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Navy in South Australia: HMCS Protector


South Australia had a new state-of-the-art naval vessel, but there was no Defence Department, and the crew and the ship were very much subject to the whims of the government. Commander Walcot trained his crew, as well as the naval reservists - but in a time of peace, manoeuvres and training exercises were the order of the day. And they fulfilled these to a remarkably high standard.

In 1888 subsequent to the wreck of the sailing ship Star of Greece, it was decided that the Protector would train and service the life saving rocket apparatus and their crews. Another of her major duties was visits to the various ports in the Gulfs, sometimes with the Vice Regal party aboard. There were regular gunnery exercises, sometimes with Forts Largs and Glanville, and with the torpedo station at the North Arm of the Port River.

Another duty, one indicative of the South Australian government's parsimony was the call to crew the Marine Board's vessel Governor Musgrave, often at short notice.

However despite these stringencies, HMCS Protector, its officers and crew continued to receive good reports from the Commander-in-Chief of the Australian Squadron (of the Royal Navy). Rear Admiral Tryon recorded that he 'thoroughly satisfied with all [he] saw'. Rear Admiral Fairfax recorded in the following year 1887 that the Protector's men were 'clean and well dressed...who went through their drills in a creditable manner'.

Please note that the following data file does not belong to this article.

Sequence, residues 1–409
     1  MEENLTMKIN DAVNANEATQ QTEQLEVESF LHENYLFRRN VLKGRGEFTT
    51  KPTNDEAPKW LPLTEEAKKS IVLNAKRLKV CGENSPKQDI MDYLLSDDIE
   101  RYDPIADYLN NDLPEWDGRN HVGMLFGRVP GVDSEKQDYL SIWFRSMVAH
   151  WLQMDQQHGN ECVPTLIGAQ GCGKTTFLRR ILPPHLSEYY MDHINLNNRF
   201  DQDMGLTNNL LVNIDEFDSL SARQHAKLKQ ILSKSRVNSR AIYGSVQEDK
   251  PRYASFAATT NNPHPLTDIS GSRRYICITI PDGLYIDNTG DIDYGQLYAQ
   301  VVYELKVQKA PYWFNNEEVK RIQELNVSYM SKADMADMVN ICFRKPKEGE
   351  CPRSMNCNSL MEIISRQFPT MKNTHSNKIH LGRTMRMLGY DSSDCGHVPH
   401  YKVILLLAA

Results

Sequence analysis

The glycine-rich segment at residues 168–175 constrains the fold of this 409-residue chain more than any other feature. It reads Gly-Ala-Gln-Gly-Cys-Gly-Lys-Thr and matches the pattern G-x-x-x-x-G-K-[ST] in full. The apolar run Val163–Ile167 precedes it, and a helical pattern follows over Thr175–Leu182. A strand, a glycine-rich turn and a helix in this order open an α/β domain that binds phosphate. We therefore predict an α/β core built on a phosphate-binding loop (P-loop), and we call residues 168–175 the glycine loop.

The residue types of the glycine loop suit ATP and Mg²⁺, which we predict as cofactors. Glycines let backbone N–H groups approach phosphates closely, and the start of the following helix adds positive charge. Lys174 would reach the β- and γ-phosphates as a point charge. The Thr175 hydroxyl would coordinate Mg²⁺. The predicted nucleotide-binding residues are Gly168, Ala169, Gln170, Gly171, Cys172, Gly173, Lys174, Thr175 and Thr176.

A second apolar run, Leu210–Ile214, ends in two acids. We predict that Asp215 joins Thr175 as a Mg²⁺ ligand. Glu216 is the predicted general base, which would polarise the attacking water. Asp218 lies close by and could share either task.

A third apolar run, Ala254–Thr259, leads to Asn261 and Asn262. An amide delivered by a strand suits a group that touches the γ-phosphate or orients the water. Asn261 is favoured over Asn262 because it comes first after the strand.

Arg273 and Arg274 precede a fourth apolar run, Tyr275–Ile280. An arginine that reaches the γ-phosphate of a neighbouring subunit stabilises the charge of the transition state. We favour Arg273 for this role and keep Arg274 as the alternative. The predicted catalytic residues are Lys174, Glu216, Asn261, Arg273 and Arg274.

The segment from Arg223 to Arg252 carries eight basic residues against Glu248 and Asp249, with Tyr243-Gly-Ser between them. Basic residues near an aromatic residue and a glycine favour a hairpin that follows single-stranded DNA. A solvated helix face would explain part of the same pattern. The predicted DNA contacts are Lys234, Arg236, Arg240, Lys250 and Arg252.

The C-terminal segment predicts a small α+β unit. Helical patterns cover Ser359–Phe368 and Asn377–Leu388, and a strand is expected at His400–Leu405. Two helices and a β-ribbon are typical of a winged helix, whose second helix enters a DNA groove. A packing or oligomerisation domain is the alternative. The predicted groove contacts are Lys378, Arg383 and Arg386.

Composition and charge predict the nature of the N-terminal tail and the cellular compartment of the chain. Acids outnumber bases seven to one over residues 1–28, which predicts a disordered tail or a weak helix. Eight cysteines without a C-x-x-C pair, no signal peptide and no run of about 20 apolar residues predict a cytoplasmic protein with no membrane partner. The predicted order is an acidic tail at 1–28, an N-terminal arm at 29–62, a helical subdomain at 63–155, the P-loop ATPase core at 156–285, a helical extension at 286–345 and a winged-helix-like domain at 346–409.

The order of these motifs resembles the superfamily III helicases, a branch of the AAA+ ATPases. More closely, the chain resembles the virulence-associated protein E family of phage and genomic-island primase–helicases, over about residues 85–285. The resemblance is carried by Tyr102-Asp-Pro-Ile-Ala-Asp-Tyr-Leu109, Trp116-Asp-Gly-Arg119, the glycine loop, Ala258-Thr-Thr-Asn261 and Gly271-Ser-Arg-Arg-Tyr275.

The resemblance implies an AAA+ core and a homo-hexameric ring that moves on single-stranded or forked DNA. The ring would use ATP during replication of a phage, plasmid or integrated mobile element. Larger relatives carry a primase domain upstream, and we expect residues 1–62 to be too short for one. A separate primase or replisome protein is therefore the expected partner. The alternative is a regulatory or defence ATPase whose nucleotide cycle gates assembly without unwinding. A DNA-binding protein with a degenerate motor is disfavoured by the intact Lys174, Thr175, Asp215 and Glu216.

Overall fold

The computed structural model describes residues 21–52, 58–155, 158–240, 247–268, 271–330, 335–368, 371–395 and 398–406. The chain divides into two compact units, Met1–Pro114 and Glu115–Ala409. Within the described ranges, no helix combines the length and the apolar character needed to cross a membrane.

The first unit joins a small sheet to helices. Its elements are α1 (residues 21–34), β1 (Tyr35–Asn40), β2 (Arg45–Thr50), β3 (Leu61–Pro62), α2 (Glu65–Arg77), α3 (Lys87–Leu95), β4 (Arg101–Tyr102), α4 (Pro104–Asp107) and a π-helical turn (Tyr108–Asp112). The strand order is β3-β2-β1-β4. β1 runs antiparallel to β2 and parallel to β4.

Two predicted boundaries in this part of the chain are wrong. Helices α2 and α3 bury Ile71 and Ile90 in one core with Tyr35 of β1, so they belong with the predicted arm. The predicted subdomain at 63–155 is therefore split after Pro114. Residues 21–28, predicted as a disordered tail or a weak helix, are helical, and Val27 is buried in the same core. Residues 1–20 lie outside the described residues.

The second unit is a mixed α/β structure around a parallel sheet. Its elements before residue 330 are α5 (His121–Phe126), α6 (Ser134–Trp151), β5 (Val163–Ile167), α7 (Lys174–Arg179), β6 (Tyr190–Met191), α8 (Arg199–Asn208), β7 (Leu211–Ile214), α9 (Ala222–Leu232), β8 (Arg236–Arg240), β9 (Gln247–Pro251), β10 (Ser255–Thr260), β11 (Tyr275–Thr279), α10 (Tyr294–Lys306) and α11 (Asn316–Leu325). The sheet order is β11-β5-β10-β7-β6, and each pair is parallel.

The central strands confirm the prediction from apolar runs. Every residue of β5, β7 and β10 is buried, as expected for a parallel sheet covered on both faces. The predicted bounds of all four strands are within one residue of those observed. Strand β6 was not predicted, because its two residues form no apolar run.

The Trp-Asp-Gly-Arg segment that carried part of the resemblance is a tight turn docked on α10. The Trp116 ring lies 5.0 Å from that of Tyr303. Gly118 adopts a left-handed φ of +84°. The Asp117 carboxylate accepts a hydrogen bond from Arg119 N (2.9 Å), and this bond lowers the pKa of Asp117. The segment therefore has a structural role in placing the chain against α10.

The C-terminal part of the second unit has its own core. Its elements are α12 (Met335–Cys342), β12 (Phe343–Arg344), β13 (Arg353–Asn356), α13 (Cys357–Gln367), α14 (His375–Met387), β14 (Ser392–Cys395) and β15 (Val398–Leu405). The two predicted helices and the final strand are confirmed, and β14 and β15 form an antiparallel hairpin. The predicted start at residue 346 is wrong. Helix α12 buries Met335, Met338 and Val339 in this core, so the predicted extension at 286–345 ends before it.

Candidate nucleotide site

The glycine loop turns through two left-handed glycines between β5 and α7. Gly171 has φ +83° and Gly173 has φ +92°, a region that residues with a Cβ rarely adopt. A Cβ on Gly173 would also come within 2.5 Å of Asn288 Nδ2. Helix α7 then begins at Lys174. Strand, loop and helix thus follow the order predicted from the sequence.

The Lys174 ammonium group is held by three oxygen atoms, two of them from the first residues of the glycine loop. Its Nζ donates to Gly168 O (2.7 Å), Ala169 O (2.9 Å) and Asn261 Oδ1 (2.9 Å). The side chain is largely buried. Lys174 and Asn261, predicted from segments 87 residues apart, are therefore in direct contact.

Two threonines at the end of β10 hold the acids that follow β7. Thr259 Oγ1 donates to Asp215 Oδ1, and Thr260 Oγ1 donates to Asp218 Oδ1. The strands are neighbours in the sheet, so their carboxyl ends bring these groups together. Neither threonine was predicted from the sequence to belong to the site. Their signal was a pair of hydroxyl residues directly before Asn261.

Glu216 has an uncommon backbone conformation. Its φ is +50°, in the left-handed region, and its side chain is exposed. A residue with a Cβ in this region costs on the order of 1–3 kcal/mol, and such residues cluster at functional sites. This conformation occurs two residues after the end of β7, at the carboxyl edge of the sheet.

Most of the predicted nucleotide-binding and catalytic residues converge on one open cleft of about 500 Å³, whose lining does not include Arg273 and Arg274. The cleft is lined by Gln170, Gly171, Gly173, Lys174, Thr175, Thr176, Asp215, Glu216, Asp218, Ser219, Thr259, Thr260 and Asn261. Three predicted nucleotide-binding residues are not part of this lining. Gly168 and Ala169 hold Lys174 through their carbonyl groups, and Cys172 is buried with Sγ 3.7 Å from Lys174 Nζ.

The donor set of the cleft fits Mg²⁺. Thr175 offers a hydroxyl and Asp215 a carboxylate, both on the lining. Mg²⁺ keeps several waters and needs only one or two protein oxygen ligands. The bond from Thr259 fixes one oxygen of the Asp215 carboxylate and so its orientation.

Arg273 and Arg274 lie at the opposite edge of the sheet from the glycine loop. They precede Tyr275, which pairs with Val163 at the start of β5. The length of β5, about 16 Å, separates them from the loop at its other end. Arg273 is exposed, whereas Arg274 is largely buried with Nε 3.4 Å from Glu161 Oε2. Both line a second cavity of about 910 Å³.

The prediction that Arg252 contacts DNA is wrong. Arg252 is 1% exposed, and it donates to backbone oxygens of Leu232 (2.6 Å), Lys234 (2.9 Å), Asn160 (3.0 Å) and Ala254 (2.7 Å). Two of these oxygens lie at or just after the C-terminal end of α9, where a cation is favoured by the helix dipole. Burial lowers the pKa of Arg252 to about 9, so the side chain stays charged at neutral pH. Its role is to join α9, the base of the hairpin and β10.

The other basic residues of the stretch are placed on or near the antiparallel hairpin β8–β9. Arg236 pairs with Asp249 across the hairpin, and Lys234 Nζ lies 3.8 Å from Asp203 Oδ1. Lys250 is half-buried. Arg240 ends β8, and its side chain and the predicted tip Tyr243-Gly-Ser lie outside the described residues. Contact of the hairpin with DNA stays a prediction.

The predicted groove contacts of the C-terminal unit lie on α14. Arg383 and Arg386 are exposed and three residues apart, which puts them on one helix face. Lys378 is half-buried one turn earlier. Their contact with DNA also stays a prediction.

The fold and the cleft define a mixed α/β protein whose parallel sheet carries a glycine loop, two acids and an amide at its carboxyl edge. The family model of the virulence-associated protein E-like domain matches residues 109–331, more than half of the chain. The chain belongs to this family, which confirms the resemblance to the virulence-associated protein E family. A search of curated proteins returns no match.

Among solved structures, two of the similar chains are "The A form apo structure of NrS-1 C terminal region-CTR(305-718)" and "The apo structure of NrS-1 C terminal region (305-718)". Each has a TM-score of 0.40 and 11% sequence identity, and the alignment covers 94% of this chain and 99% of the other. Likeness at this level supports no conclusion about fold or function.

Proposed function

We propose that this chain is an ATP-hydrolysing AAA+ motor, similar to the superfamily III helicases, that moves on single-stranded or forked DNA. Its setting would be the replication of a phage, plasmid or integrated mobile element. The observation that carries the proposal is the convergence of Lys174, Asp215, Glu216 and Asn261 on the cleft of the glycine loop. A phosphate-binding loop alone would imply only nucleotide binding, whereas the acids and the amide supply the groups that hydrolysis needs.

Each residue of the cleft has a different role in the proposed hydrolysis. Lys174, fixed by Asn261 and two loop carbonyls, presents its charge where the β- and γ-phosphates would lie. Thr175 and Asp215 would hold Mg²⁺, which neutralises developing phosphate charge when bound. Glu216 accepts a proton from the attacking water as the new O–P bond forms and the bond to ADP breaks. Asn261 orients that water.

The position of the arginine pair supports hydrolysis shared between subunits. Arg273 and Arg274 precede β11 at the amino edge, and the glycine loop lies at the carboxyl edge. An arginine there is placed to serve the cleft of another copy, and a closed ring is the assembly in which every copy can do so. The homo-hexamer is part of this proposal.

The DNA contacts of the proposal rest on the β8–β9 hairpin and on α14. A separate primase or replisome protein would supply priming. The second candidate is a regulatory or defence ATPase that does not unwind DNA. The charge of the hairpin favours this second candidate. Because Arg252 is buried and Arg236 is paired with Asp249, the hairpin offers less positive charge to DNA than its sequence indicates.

Protector was a multi-tasked ship: in 1890 alone she assisted the ship Cathcart which was in difficulties off Cape Jervis; she rescued the swimmers at the Semaphore Baths who were stranded when the jetty was washed away in a storm; and while crewing the Governor Musgrave the crew were instrumental in saving the men of the steamer You Yangs which was wrecked on Kangaroo Island.

Commander Walcot continued to criticise the government over its funding of the naval force, but despite the lack of funding Walcot and his officers maintained Protector as a highly efficient force. This reached a peak during 1892-1895 when the South Australian government considered selling its cruiser. A minimum of 75,000 pounds was required and there was some interest, but eventually the decision to sell her was reversed. Walcot resigned in July 1893, partly in response to the cutbacks. He was replaced by WR Cresswell. Training of the naval reserves continued, but the permanent naval force was reduced. Cresswell resigned in 1900 to take up the same position in Queensland, Commandant of the Queensland Naval Force. Lieutenant Commander CJ Clare was promoted from the Naval Reserve to become Commandant of the South Australian Navy.

Chapman James Clare
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Protector, South Australian naval vessel
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Protector's Gun Crew
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Protector's Officers
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